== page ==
California Home Insurance Crisis: 5 Essential Tips for Sellers & Buyers Caught Up in the Mess

California Home Insurance Crisis: 5 Essential Tips for Sellers & Buyers Caught Up in the Mess

We've seen escrows fall apart because the home buyers struggled to get insured. Learn how to improve your chances of getting insured in today's climate.

Have you tried buying or renewing home insurance in California lately? How’d that work out for you? If it was a giant pain in the…ahem… you’re not alone.

California's homeowners insurance landscape has experienced a tectonic shift, shaken by soaring premiums and the departure of multiple major insurance companies. These changes add an extra layer of complexity to the housing market for buyers and sellers.

Now more than ever, buyers are weighing a home’s insurability and potential insurance rates before writing an offer. And that puts added pressure on sellers to make absolutely sure their property is insurable.

We’ve seen some escrows fall apart because the buyers struggled to get insured. Without insurance, they typically can't qualify for a mortgage.

“It’s not like it was four years ago when you could submit a policy application to 20 different carriers and have 15 of them approved,” said Dan Lapicola of Goosehead Insurance in Walnut Creek, our go-to resource for insurance news and trends. “Now, especially for some of these Bay Area homes built in the late 1800s and early 1900s, you’re lucky if you get responses from two or three carriers.” 

That’s why we are sharing – with Dan's expert input – five essential tips to help sellers ensure their homes are insurable and help buyers navigate their options in today’s insurance-scarce landscape.

Let’s start by explaining why home insurance companies are leaving California and which ones already fled. 

California, home insurance illustration

In the last year and a half, top property insurers ceased issuing new policies in California or severely limited their offerings, including:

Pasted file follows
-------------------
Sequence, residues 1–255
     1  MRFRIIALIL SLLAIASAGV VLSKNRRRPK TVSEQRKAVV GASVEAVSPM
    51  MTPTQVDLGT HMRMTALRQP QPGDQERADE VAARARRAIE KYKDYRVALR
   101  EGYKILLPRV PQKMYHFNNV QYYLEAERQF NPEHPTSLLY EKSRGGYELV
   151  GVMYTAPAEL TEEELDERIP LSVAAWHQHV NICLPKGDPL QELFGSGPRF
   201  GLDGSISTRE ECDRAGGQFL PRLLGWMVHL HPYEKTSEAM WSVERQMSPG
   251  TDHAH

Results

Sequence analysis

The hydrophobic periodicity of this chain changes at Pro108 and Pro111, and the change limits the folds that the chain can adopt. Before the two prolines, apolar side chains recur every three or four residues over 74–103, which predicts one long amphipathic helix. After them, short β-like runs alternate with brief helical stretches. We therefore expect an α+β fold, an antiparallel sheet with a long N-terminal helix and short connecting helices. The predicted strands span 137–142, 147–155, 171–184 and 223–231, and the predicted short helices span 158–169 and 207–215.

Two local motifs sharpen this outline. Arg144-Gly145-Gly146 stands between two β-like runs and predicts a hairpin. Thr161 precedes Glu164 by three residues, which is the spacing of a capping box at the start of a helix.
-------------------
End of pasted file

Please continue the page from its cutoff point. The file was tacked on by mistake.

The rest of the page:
• Allstate 
  • State Farm 
  • Farmers (capped the number of new policies it will issue in California) 
  • Farmers Direct California
  • Falls Lake
  • Safeco
  • Kemper Corp 
  • AIG 
  • Chubb Ltd (with limited renewals for select customers)

Insurers are ditching California mainly because of wildfire costs and natural disaster risks, but they also cite inflation, residential construction costs, and the state’s strict regulatory environment. Since the late 1980s, insurance companies have had to get California’s Department of Insurance permission to raise rates. They also haven’t been allowed to set rates based on projected future calamities caused by climate change.   

Insurers say they’ve lost millions of dollars and can’t afford to stay. Meanwhile, homeowners are paying more for the few coverage options that remain in the Golden State.

Reform is coming, fingers crossed. This September, California Insurance Commissioner Ricardo Lara announced a plan to entice companies to stay and insure a portion of properties in high-risk wildfire areas. In exchange for carrying policies in those disaster-prone regions, the insurers would be allowed to raise rates to cover the costs of operating in California. 

A peek at what might be coming: State Farm requested a 28% rate hike prior to announcing its departure. Allstate asked for 40%

“There is no way out of higher premiums,” Dan says. “These carriers have to make money or they won’t stay here. It’s the new normal.”  

To deal with the new normal, here's what buyers and sellers should know and do to increase their chances of getting insured in California:

1. Underwriters will go through your application with a fine-tooth comb – and probably a drone.

drone in the air

According to Dan, insurance companies operating in California are increasingly picky and thorough, even employing drones and satellites to assess properties. For exterior inspections, they are looking for hazards like excessive junk and overgrown trees, trampolines, and even water leaks that infrared cameras can detect. 

If you think you can hide something from them, think again.